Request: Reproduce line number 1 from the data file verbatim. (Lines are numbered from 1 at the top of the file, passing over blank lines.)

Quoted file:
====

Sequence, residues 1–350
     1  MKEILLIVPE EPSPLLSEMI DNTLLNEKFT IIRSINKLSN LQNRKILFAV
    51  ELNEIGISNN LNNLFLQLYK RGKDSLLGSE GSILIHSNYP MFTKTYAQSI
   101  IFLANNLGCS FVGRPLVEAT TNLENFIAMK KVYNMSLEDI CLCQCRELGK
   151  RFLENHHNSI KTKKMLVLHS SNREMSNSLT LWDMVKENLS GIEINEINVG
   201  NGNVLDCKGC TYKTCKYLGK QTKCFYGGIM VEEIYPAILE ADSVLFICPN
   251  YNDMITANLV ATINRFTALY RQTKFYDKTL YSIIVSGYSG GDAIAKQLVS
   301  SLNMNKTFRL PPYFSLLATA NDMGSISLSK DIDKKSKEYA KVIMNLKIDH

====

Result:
Sequence, residues 1–350